Archive for July 16th, 2011

Jul 16 2011

Body Memory Quirks

(EDITING NOTE: Sorry about the run-together editing fail on this post; I’ve tried a couple of times to fix it and can’t seem to figure it out at the moment, and have run out of chemo-patience to keep trying at the moment.  enjoy the post anyway and I’ll try to make it prettier tomorrow.)

One of the repeated lessons of cancer (of course it can also be learned elsewhere) is how impactual and overwhelming the body’s memory can be.  Apparently according to the Urban Dictionary, the phrase “body memory” is often used to imply repressed memories of physical abuse, but that’s never been how I use or even conceive of the phrase.

This is not to deny that sometimes, some kinds of touch can cue legitimate, real memories. However, to infer abuse from physical symptoms in this way is utterly invalid, as is the inference that conscious, recallable memories can be stored in muscle tissue.
That last phrase is the part I think I disagree with, based on personal experience, though I concede that there could simply be a better or different phrase to describe the phenomenon to which I refer.  (Or more likely, a part of the brain that runs so deeply it never shuts off even at densest sedation.)
Last year, for example, I recall the first day coming home after the mastectomy surgery, where there’s no possibility of actual, full-night’s sleep, sitting propped up with pillows all around with my mind in a twilight state.  These strange images and feelings of sharp lines being drawn across my mid-chest, and dark shadowy forms looming over me kept recurring.  It wasn’t at all like a normal “dream”, and at some point in some story I’m sure I’ll try to better describe it to delineate the difference.  It very much felt as even though my mind was under general anaesthesia, my body was remembering the experience of people standing around me cutting me open and removing pieces of my body — which was indeed what was happening at the time.
This time around, I find that even though my mind is certainly ready to go home, be with my family (including new baby!), and continue my LIVING, non-hospital life with joy in every day and every breath, my body experiences a hitch of panicked feeling when trying to think about the process.  This totally feels like it’s happening because my last memories of being at my home are of being partially paralyzed — stuck in the kitchen, unable to move my leg unless I was physically picking it up, crying and terrified with no help and no way to fix it, (TMI WARNING AHEAD) wetting myself because I couldn’t get to the restroom because I was literally unable to move my left leg forward no matter how hard my brain sent the signal to my body.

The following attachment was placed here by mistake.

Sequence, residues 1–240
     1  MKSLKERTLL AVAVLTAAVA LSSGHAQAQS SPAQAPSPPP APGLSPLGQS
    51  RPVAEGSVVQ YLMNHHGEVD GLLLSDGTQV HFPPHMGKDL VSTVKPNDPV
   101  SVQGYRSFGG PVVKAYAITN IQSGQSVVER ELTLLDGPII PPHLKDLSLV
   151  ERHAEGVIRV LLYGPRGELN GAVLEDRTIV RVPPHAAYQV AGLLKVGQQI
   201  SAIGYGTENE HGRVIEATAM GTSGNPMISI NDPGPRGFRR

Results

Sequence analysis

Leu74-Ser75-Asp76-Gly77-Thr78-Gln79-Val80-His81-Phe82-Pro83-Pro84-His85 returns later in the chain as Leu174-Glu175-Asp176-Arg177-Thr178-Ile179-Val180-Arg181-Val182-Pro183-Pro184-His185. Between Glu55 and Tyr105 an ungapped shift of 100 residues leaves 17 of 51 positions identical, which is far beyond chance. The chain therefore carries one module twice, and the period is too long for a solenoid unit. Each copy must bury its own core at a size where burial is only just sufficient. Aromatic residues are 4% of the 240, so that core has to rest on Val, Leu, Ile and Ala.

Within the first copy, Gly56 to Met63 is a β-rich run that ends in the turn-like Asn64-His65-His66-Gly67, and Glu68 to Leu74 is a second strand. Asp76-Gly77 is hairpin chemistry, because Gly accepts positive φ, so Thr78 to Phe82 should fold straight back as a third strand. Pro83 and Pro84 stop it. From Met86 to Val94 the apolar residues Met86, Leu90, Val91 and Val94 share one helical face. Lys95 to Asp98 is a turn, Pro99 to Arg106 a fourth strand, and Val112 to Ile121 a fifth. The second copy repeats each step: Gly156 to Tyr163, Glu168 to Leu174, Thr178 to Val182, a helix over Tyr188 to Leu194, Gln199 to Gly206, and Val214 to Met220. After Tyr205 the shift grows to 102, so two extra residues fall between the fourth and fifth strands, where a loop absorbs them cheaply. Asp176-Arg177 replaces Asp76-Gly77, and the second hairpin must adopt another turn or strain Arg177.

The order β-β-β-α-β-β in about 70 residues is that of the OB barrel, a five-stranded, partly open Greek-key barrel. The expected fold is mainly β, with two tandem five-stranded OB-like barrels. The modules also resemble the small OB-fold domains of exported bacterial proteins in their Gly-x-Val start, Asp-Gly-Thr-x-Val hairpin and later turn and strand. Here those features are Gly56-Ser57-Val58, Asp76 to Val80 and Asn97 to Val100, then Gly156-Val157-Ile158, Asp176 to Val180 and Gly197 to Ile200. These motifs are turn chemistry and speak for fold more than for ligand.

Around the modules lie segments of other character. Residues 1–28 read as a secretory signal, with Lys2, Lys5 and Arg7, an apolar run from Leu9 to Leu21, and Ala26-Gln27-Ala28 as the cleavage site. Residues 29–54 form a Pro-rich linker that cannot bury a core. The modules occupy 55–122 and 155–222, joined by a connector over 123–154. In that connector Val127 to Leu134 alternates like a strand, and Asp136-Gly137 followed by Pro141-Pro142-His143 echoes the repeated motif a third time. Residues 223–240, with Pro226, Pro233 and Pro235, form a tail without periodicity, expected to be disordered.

And of course I know that won’t happen this time.  The reason for the paralysation is literally no longer there (the culpable tumor that was pressing on my spinal cord is according to the doctor “gone gone gone!”); I’ve been walking in the hospital around my room for weeks now without assistance (from people; I’ll be using a cane and walker for a while to come).  I’ve been working with physical therapists while here to relearn what proper movement and alignment feels like.  I’ll continue that work when out.  We have live-in help lined up to make sure that in a sudden resurgence of worst case scenario (that won’t happen because of regular scans and constant work and vigilance) I won’t be stuck with no help.
And still there’s that hitch moment, that brief flash of panic, that seems to come from the body itself, its own memory of what happened, overriding any rational thought or mind memory.  Of course I’m talking about it in therapy sessions, and working through it, and it won’t stop me or slow me down any more than the rest of this has, and less than most of the bad things slowing me down.
Life is a strange, strange thing.  Does anyone else out there have their own “body memory” stories to tell?

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Jul 16 2011

Rub the Head for Health

While I haven’t developed too many ritual-based routines during this second go-round at cancer battling, since I had to lose my hair at least one has developed.  I think it may have started between me and my son, The Kid (who should probably be renamed now that he’s The Teen, I’ll ask him), but I find it amusing that even my oncologist is now doing it since as he said, “hey it’s working so far”.  So when you’re saying goodbye after a visit with me, don’t forget to give my bald head a quick rub for good health!  Emotional adjustments like these seem to matter more than one might think on the healing road…

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